Audiences watching Busan’s opening night film “The Horse Thieves” will get to see a universal and somewhat linear tale of greed, cruelty and man’s uneasy place in nature. Behind the scenes, however, it was a learning and co-operative experience between film makers from different cultures.

A rare Kazakhstan-Japan co-production, “Horse Thieves” was co-directed by Yerlan Nurmukhambetov and Japan’s Lisa Takeba. It stars Samal Yeslyamova, Cannes prize winner for her performance in “Ayka,” opposite Japanese heart throb Moriyama Morai, known for his roles in “Rage” and 2004 smash hit “Crying out Love in the Center of the World.”

Having agreed to cooperate, the two directors held multiple, prolonged Internet phone calls in order to shape the story and the script. They examine the consequences that flow from the slaying of a horse farmer who had taken his flock to market.

“Our initial plan on the set was for a division of labor, with Yerlan (Nurmukhambetov) directing the Kazakh cast, and me directing the Japanese talent,” said Takeba. “However, things evolved and Yerlan, himself an actor, came to handle the performances, while I became more responsible for things like continuity.”

Other kinds of flexibility were also necessary, as the story was revised during production. Where Takeba sought a dramatic ending, Nurmukhambetov favored an emphasis on family and the boy whose father is killed. Instead, they settled for a fade out that intercuts action and static shots focused on paintings. “It really showed me something about flexibility that (Nurmukhambetov) was able to change the story while we were making the picture. In Japan, everything to do with making a film must be planned out beforehand,” said Takeba.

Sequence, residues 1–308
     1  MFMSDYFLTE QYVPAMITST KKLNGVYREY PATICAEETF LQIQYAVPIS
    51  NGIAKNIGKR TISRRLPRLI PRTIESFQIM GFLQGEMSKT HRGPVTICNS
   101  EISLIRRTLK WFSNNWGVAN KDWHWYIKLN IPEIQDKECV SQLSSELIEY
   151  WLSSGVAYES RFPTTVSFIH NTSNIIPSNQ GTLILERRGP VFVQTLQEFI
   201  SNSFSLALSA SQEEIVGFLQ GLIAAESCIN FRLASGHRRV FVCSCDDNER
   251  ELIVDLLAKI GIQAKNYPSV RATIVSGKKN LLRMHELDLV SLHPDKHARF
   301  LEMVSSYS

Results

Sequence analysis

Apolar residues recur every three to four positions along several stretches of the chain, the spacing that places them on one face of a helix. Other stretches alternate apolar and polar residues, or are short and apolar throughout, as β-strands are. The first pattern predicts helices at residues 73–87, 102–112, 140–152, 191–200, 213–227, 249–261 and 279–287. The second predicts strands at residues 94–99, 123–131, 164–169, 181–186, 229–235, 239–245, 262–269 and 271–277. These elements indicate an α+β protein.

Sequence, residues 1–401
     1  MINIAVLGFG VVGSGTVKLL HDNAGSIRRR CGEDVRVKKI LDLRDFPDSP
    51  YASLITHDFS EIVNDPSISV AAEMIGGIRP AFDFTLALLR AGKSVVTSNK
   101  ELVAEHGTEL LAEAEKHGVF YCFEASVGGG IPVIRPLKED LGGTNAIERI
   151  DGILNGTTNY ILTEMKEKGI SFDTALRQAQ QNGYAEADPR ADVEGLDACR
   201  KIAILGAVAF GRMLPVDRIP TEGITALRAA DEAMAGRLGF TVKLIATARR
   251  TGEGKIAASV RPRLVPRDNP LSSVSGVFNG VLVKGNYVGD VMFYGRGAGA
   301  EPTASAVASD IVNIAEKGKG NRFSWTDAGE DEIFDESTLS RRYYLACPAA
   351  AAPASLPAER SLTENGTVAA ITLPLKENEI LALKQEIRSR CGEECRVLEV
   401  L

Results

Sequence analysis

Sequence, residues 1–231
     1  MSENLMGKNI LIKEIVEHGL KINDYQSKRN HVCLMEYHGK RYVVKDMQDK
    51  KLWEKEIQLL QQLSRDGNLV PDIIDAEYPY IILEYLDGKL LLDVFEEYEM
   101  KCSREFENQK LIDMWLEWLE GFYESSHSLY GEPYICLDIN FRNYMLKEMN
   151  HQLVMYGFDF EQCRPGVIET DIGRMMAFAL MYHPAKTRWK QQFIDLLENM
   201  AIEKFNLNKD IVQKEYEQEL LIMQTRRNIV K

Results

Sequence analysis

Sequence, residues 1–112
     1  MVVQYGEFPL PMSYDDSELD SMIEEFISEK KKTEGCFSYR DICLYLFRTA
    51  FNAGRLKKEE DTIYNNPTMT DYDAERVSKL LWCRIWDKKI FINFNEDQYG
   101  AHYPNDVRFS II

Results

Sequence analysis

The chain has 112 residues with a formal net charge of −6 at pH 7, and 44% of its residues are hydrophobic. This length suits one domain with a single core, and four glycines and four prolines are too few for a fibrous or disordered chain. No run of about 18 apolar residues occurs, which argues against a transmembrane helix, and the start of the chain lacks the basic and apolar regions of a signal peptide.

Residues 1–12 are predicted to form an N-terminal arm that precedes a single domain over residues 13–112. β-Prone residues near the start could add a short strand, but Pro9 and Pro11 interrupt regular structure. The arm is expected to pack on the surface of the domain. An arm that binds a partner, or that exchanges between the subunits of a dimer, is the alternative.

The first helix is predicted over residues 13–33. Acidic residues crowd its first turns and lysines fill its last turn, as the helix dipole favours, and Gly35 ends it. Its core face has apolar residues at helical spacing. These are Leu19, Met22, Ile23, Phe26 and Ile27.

Moriyama revealed that back in Japan, prior to the shoot, he had spent much time discussing his role with Takeba. (Moriyama appears in the second reel as a mysterious stranger, whose role increases in importance.) Speaking no Kazakh, he had to learn his lines phonetically. “That limited the room I had for improvisation,” Moriyama said, though he too praised Nurmukhambetov for his ability to switch story, and locations mid-shoot.

Takeba suggests that the boy losing his father is a parallel to Kazakhstan separating from the former Soviet Union. But such a read is not especially necessary.

The finished film, which Yeslyamova and Moriyama saw for the first time at a Busan press screening, is an accessible wide-screen epic, a tale of stunning landscapes, a boy’s shattered childhood, and woman’s unchanging place in hardscrabble, traditional society.